After receiving community feedback, Dublin City Council members are keeping the status quo regarding scooter use in the city.

Scooters are not permitted on roadways or shared-use paths, according to Assistant City Manager Michelle Crandall.

Dublin City Council on April 8 discussed the results of a January community survey about scooters with Tom Strup, chairman of the Community Services Advisory Commission.

Strup said the survey and advisory commission discussion was a lengthy but worthwhile process and suggested council members should consider revisiting the scooter technology as it evolves.

According to an April 2 memo from the advisory commission to City Council, the results of a survey about scooters showed varied results regarding where e-scooters should operate, with no result receiving more than 49 percent support.

Fifty-six percent of those who responded didn't support e-scooters on shared-use paths, and 39 percent of those who responded were in favor of a scooter-rental service, according to the memo.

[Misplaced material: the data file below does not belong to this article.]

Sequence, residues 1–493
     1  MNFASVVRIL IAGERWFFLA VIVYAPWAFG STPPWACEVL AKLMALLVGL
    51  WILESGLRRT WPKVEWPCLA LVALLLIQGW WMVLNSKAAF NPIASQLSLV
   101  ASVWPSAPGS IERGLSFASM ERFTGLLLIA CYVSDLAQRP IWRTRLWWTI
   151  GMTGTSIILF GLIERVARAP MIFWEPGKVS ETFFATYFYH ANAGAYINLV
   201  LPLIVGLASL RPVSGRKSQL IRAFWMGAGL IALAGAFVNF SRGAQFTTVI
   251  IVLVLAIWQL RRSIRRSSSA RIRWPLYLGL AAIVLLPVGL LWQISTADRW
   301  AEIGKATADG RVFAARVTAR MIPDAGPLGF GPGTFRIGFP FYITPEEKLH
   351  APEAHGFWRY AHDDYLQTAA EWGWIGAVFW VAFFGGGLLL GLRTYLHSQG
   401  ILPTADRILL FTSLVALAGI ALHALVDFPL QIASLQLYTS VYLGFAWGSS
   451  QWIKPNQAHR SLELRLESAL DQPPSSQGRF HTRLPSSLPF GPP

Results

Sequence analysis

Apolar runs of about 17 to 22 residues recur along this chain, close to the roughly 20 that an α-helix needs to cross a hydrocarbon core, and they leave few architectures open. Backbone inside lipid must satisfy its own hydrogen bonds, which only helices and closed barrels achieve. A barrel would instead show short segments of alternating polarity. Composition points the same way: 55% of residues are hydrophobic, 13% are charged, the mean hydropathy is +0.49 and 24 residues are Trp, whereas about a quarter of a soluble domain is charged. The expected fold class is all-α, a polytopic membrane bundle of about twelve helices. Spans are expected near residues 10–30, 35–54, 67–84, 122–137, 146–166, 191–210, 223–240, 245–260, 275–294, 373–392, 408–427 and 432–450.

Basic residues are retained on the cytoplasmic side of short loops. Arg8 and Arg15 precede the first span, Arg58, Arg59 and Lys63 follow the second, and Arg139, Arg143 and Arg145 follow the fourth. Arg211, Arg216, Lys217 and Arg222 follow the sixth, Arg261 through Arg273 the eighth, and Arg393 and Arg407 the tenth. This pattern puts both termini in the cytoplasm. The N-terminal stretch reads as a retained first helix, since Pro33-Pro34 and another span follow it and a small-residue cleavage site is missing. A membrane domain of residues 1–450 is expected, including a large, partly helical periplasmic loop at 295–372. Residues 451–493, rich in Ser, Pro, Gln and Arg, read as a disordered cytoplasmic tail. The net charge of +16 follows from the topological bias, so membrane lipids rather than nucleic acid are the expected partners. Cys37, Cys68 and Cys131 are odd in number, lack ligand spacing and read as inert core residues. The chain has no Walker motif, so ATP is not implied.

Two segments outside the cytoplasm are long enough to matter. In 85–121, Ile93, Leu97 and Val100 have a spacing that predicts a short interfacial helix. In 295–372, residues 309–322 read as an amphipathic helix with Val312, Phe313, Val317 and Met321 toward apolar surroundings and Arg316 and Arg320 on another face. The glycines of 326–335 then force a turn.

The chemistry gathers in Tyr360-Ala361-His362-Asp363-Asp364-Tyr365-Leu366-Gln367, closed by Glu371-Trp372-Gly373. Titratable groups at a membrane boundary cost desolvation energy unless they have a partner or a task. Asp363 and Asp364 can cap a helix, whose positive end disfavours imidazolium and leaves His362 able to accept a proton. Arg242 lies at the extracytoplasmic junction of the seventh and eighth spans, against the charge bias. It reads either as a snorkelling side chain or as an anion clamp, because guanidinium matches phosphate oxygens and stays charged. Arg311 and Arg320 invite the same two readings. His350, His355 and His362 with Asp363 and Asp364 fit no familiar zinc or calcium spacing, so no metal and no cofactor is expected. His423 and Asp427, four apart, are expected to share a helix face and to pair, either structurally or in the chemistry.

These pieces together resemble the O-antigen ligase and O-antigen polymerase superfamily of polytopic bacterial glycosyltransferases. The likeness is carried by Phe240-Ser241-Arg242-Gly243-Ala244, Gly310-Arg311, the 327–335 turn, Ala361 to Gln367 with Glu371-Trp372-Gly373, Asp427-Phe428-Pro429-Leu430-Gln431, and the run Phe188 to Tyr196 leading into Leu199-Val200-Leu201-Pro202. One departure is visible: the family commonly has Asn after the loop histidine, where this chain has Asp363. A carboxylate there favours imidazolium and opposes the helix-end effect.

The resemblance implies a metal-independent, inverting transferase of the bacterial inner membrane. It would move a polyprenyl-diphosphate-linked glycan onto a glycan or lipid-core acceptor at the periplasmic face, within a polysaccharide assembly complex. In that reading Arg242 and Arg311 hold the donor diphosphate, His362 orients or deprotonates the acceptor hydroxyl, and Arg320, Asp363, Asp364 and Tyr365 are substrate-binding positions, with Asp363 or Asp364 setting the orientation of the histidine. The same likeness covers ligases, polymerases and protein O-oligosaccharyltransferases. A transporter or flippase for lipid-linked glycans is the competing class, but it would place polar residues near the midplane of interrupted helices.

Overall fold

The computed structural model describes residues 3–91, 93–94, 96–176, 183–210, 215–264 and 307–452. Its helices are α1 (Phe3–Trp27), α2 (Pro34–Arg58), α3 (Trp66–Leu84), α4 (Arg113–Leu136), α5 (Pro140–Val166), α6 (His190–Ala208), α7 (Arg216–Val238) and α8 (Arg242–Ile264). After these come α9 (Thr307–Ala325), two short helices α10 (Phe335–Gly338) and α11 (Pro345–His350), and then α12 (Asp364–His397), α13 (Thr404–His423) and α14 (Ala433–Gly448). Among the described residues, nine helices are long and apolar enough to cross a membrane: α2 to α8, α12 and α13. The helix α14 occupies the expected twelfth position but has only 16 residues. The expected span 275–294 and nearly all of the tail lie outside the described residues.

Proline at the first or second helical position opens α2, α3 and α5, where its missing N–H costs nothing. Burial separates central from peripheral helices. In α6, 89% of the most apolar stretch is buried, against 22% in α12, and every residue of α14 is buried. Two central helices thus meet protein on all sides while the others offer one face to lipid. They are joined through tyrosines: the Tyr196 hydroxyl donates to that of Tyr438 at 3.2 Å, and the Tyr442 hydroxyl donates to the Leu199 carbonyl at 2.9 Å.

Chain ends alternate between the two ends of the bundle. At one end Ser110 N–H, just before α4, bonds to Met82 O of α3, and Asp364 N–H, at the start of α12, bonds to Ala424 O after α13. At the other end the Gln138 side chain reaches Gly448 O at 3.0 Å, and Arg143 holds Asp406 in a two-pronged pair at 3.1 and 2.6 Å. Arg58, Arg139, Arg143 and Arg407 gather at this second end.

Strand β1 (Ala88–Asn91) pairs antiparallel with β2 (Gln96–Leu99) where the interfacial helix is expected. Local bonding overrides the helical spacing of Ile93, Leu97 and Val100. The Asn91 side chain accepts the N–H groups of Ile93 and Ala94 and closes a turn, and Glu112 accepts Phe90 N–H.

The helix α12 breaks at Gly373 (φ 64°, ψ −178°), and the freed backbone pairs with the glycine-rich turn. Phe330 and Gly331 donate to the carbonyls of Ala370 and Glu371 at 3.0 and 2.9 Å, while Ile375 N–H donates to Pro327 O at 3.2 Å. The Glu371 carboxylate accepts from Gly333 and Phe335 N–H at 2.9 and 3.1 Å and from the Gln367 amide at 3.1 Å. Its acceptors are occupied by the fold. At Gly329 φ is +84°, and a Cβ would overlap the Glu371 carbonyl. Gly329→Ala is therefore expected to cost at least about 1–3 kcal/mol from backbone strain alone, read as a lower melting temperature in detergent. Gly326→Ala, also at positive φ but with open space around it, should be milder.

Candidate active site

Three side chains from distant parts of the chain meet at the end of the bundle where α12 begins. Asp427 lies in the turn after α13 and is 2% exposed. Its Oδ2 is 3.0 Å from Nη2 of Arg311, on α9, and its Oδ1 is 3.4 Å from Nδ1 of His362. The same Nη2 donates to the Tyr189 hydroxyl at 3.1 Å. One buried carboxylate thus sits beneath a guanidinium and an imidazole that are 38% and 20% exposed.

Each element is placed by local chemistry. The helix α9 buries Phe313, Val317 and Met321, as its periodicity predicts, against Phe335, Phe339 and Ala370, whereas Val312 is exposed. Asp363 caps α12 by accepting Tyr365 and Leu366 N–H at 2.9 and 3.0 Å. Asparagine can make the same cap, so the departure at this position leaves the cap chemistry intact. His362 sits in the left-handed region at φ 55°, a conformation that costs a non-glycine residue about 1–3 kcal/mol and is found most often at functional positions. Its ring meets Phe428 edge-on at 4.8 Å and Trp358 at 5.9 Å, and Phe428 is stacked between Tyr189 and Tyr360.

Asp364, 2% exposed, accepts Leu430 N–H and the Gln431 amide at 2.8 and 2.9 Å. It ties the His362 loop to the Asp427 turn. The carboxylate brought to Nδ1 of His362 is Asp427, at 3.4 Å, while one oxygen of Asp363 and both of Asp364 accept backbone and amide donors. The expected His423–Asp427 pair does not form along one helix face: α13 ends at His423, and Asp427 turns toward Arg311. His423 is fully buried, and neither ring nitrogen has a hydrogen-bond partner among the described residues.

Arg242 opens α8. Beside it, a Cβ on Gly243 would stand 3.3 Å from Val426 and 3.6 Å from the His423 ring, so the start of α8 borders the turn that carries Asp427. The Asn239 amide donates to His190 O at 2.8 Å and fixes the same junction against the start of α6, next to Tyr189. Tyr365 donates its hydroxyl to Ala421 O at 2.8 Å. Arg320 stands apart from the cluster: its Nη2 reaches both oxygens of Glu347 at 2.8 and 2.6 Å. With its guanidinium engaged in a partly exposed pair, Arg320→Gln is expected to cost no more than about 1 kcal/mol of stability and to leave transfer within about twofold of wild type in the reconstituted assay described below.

The survey received 837 responses, more than 90 percent from Dublin residents, according to the memo.

Council members expressed support of the advisory commission's recommendation.

Councilwoman Jane Fox said she sees no problem with scooters on the city's shared-use paths; she said the scooters travel as fast as bikes do.

Fox said the city should avoid contracting with scooter-rental agencies to avoid flooding the streets with them.

Vice Mayor Chris Amorose Groomes said she agreed council should take no action on scooters at this point. She also noted that when survey responders took the time to submit comments in the survey, they were almost exclusively negative.

"That was interesting," she said.

While Dublin hasn't worked with rental agencies for scooters in the city, it previously had a pilot bicycle-share program with Lime.

Headquartered in San Francisco, Lime rents automobiles, bicycles and scooters via a mobile app, which tracks the equipment through GPS.

In February, Lime officials announced they would remove their bicycles from Dublin and Worthington, citing a lack of ridership.

All the Lime bicycles were scheduled to be removed from Dublin by May.